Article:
Thank you!

 

If you are a reader and not supporting this ministry, please consider that this is what your hard-earned donations can provide – the ability for the poorest of the poor to receive excellent, urgent care.

 

This past week, we sent several patients to CEML (Photo) via MAF who would not have survived without surgery.  A man with a perforated stomach, a 14y/o girl with a baseball-sized cancerous tumor in her humerus, a baby who had lost one whole buttock to infection (dirty needle at a “health” post) and a woman needing a Cesarean who presented to us in labor with an arm protruding from her vagina.  All are recuperating well after surgery.  Sometimes I’m just a gate-keeper, directing patients to the best care.  In the Kingdom of God, we are the same, directing people to our Father.

 

Our tuberculosis population continues to grow, in this country with no available treatment from the government and only a handful of private hospitals like ours who have medications available.  We have 30-40 patients at our hospital as they receive their first two months of treatment here (we have 12 TB beds), as it is the most critical phase of TB therapy.  It’s beautiful to see so many arrive gravely ill with this deadly disease (they wait so long to come) and go home after two months completely new, to complete their remaining 6 months of treatment at home.  About half of our TB patients have pulmonary disease and about half have disseminated disease affecting other organs (1 of 5 is a child).  With our spreading reputation and increased numbers, we need to continue to find beds for them.   We have 50 donated beds arriving soon from SIM (you wouldn’t believe the resistance (and cost) we face to import these simple beds) and they won’t be enough.  In September, we will begin a construction project for some new hospital buildings through AGA, a group of beautiful people from the US dedicated to the huge needs in region of Cavango.  We will then dedicate our current hospital to TB patients and it won’t be enough.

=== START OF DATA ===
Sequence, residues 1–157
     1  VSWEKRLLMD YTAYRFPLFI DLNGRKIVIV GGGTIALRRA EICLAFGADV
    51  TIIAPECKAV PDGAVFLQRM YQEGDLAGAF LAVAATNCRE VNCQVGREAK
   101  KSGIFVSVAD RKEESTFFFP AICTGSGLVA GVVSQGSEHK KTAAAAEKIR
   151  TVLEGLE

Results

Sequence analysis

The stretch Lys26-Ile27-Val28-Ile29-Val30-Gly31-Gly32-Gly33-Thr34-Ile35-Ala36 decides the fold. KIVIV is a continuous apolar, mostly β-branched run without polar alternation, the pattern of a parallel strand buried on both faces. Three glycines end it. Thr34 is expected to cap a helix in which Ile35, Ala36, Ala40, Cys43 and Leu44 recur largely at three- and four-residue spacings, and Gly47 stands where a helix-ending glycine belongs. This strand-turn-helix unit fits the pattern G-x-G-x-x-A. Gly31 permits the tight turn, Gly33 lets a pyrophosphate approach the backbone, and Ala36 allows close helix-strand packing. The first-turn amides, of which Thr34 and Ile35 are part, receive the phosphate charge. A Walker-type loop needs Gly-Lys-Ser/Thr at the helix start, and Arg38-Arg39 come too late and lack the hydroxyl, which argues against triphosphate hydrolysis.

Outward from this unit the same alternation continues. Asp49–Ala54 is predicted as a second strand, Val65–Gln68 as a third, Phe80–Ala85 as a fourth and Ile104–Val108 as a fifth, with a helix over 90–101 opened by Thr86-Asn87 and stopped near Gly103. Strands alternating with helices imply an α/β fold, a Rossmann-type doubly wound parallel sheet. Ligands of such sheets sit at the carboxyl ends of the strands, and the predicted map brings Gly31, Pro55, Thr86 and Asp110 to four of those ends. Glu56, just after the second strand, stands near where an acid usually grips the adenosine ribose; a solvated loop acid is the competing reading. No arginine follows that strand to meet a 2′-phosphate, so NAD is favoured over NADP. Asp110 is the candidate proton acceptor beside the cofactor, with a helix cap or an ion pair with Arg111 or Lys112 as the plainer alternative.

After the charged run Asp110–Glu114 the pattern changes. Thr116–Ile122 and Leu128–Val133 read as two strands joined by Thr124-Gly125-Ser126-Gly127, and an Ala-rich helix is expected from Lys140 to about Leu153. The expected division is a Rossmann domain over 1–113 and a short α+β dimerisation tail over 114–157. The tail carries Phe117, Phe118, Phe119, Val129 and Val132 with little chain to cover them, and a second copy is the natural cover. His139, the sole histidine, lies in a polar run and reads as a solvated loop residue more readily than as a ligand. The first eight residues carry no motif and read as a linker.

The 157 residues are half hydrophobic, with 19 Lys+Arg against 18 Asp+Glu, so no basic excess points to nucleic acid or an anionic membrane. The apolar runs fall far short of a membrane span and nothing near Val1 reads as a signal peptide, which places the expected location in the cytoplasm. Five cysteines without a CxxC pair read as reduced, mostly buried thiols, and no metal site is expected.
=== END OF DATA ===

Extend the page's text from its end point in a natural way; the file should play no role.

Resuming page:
Please pray with us for wisdom and resources to care for so many in a country that is many years from having the ability to provide any kind of decent health care.

 

Like my experience as an American physician… Today, a man from a city 6hr away returned after beginning treatment at our clinic two days ago for back pain.  He walked in with no difficulty, smiling, sat easily in a chair and presented to me a form for a doctor’s note from his government desk job (a familiar form) for paid time off due to illness.  I asked him how he was doing and he said he was already much improved.  I then inquired when he thought he could return to work, thinking perhaps next week.  He thought for a moment and responded that he would like to be excused from work until the beginning of 2019!  I didn’t reveal my thoughts and wrote him off for two weeks…

 

Our patients are each given a folded cardstock chart with our notes re each visit to carry with them and these charts return with the patients in variable condition.  Many arrive with parts eaten away by rats in the home (easily recognized), some are just worn from being carried in pockets and some are meticulously cared for in plastic wrap.  Today a woman arrived and said hers was destroyed by water when a river she crossed to get here rose to chest level as she waded through.  Public health statistics indicate that of the available, edible food in the world, a third is consumed, a third is wasted, and a third is eaten by rats…